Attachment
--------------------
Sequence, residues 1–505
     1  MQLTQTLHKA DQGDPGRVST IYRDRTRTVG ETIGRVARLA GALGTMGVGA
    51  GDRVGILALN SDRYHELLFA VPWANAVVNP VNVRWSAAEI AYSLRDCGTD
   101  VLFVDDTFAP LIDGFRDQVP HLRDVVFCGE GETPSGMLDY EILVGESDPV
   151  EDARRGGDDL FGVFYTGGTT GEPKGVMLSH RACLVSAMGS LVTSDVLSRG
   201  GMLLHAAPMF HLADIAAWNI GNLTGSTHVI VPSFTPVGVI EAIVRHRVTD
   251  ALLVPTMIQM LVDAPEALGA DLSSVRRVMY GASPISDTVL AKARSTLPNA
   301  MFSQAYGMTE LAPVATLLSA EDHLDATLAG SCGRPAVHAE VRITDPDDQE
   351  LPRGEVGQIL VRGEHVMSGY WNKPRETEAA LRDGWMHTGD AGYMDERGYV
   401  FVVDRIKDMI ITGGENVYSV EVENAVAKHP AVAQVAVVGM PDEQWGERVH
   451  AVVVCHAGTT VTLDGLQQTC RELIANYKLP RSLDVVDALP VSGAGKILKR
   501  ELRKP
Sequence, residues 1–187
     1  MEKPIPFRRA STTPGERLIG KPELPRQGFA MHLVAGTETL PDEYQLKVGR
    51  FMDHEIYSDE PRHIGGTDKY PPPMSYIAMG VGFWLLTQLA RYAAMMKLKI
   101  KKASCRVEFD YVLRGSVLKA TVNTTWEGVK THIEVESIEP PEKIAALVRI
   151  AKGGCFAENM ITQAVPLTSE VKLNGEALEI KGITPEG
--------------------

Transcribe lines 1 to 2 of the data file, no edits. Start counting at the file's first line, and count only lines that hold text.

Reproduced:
Sequence, residues 1–505
     1  MQLTQTLHKA DQGDPGRVST IYRDRTRTVG ETIGRVARLA GALGTMGVGA